And I’ll end with a picture of Maeby – this is her way of saying thank you for saving her life from the mean boy cat who invaded her garden. Close – but not TOO close.

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Today’s quote is from Julia C.R. Dorr

Do not plan for ventures before finishing what is at hand.

So turns out this Euripides fella knows what he’s talking about, and I probably should take heed. Because this is my current list of Unfinished Objects (UFOs). They will be finished, I promise. The when is the issue. The when is always the issue. I thought I’d share them with you!

1. The Elisalex dress by ByHandLondon

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Am so close with this one – just the lining and the hem to do. So why haven’t I done it? I literally am unable to answer that question.

2. Socks.

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I can 100% tell you why these haven’t been finished. Am 98% sure that these will fit precisely 0% of people. Maths.

3. The Violet blouse by Collette

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All cut out and ready to go – I just need a good stretch of time to get on with it. I think it will be a quick sew. You know, once I start to actually sew.

4. Finlay Fox.

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Is he even called Finlay? He looks like a Finlay. Well he will, when he’s stuffed. And has eyes. And isn’t in pieces on my coffee table.

Poor Finlay.

5. Sweater.

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To be fair, I have only just started this. Which means it might be ready by – I dunno – next Winter? I probs won’t even like teal then.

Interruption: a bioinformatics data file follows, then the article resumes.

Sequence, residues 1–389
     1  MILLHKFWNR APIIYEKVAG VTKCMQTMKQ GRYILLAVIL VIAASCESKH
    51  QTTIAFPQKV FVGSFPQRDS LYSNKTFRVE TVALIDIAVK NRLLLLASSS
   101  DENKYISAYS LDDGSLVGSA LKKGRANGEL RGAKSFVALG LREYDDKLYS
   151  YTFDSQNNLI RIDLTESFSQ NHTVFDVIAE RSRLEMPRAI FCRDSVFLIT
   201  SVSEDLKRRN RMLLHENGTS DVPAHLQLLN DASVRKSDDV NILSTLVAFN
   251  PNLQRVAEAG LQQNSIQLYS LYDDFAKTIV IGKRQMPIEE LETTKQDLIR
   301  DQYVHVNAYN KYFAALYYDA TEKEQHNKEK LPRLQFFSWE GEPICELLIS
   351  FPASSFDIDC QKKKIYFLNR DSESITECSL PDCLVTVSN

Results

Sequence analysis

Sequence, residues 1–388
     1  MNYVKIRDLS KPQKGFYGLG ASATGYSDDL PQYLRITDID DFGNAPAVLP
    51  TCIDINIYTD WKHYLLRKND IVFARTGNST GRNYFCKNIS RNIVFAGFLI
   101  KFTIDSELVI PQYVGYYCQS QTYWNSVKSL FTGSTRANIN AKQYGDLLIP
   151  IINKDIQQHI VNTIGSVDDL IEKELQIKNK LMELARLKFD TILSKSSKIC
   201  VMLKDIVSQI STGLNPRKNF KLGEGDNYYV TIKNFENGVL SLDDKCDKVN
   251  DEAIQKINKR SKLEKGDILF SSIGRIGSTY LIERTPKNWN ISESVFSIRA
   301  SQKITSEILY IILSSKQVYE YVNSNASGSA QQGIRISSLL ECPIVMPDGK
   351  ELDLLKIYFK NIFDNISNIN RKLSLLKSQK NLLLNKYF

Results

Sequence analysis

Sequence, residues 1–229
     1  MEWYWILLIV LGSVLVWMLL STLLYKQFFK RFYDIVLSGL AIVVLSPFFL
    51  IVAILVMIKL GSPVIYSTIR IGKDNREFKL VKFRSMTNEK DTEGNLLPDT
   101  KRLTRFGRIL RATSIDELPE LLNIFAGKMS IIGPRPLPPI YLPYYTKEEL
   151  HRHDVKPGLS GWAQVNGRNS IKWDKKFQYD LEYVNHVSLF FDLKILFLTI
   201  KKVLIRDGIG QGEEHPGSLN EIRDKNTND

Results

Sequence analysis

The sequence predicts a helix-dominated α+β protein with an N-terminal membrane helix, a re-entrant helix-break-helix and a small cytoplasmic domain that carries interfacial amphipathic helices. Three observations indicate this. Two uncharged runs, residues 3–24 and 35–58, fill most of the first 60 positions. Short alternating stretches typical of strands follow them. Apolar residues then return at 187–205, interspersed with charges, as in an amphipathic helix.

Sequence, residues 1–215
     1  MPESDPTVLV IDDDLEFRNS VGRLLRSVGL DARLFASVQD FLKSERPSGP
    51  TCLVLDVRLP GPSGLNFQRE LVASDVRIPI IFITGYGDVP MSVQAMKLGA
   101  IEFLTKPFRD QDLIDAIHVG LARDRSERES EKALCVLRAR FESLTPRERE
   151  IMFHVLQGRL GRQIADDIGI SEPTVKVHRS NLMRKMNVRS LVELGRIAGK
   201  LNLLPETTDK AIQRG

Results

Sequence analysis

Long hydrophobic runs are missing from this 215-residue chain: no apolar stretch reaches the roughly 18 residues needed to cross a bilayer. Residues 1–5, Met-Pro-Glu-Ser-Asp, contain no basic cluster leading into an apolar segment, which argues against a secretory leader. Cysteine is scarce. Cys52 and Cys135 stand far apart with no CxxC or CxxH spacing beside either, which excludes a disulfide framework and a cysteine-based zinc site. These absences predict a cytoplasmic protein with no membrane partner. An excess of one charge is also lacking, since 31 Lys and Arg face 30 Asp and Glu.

So what’s on your unfinished pile? And are yours strewn all over your flat like mine?

Today’s quote is from Euripides.

Properly practiced, knitting soothes the troubled spirit, and it doesn’t hurt the untroubled spirit either.

Yesterday afternoon I went to my first ever Knitting and Stitching Show, in Alexandra Palace.

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Wowsers was this a big event. I thought I would share a few tips if you’re planning to go, either to Ally Pally or at one of the other events around the country.

1. Book in advance.

I only really decided to go a couple of days ahead of time, so I missed out on any special offers or coupons or money off offers that were going around. As I could go on the Thursday afternoon (Thursdays are open late, till 7 – all other days, they close at 5pm), I got a cheaper “late entry” ticket at 8 pounds, which is half of the usual entry fee, and totally worth it. I had a good couple of hours of wandering around, and it was quieter than it would be on the weekend (Saturday tickets sold out at some point last week I think – so I can’t imagine how busy that would be!)